Molds that contaminate dry foods, especially ground nuts and maize cause significant postharvest losses in the developing world.  Mold contamination results in poor flavor, loss of dry matter, and most importantly, is a health hazard.  Aflatoxin, produced by several fungi, contaminates up to one quarter of the world’s food crops and is a particular problem in sub-Saharan Africa and Asia. It causes acute poisoning, liver cancer and is associated with stunting and suppression of the immune system.  It is estimated to cause about 100,000 cases of liver cancer per year and a world-wide loss of 1-2 million daily adjusted life years per year.

Wheat Gene Database is Tool for Improved Yield and Nutrition

By Ann Filmer

Plant scientists and wheat breeders now have a new tool to develop more nutritious and productive wheat varieties: A public online database of 10 million mutations in wheat genes. Scientists at UC Davis and three institutions in the UK created the database, which will allow scientists worldwide to study the function of every gene of wheat. The research will be reported in Proceedings of the National Academy of Sciences this week.

UC Davis Plant Sciences Professor, Jorge Dubcovsky is working to improve the yield and nutritional value of wheat, one of the world's most important crops.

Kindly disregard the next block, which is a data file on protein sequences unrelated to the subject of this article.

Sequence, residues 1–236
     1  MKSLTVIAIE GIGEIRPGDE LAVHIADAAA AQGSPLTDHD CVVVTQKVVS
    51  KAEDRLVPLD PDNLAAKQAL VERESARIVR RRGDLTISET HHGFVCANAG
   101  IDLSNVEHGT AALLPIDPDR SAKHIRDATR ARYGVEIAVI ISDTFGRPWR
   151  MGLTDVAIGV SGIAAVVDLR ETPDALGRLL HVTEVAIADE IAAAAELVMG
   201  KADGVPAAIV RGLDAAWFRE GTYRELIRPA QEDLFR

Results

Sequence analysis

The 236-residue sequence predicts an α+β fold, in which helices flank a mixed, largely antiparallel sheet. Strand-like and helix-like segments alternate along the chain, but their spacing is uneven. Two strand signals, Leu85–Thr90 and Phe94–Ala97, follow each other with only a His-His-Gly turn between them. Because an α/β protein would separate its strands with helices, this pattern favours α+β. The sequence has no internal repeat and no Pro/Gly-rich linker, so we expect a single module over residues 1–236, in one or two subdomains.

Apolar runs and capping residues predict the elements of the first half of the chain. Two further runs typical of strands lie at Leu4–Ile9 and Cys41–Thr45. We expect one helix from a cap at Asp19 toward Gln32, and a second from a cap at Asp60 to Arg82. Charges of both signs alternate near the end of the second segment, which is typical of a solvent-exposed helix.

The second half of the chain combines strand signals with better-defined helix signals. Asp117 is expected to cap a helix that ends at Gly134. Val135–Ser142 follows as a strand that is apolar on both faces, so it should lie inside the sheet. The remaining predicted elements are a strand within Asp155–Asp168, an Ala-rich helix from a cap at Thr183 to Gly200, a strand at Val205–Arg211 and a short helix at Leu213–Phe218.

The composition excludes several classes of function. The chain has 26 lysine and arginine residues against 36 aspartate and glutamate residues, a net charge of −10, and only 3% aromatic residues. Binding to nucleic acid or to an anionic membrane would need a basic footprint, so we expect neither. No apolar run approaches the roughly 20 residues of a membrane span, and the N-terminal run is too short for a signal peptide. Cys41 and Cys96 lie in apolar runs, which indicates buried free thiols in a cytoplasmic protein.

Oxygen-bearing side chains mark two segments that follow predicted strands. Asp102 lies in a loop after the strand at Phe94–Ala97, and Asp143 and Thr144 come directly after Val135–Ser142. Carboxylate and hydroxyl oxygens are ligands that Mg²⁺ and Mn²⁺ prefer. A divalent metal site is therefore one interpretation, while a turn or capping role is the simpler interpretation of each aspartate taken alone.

UC Davis Plant Sciences Professor, Jorge Dubcovsky is working to improve the yield and nutritional value of wheat, one of the world’s most important crops.

Livestock and Climate Change: Facts and Fiction

Dairy cows eat hay

Holstein cows eat lunch at the Dairy Cattle Facility at UC Davis. Credit: Gregory Urquiaga, UC Davis

By Frank Mitloehner

As the November 2015 Global Climate Change Conference COP21 concluded in Paris, 196 countries reached agreement on the reduction of fossil fuel use and emissions in the production and consumption of energy, even to the extent of potentially phasing out fossil fuels out entirely.

Both globally and in the U.S., energy production and use, as well as the transportation sectors, are the largest anthropogenic contributors of greenhouse gasses (GHG), which are believed to drive climate change. While there is scientific consensus regarding the relative importance of fossil fuel use, anti animal-agriculture advocates portray the idea that livestock is to blame for a lion’s share of the contributions to total GHG emissions.

Not so sweet: Why Pollinators Forage on Toxic or Bitter Nectar

Audio: Listen to this story on our podcast, Three Minute Egghead. 

By Kathy Keatley Garvey

Nectar doesn’t always taste so sweet, but honeybees and other pollinators still feed on it. Now UC Davis community ecologist Rachel Vannette has discovered why pollinators continue to forage on “toxic” or bitter-tasting nectar, despite what should be a deterrent.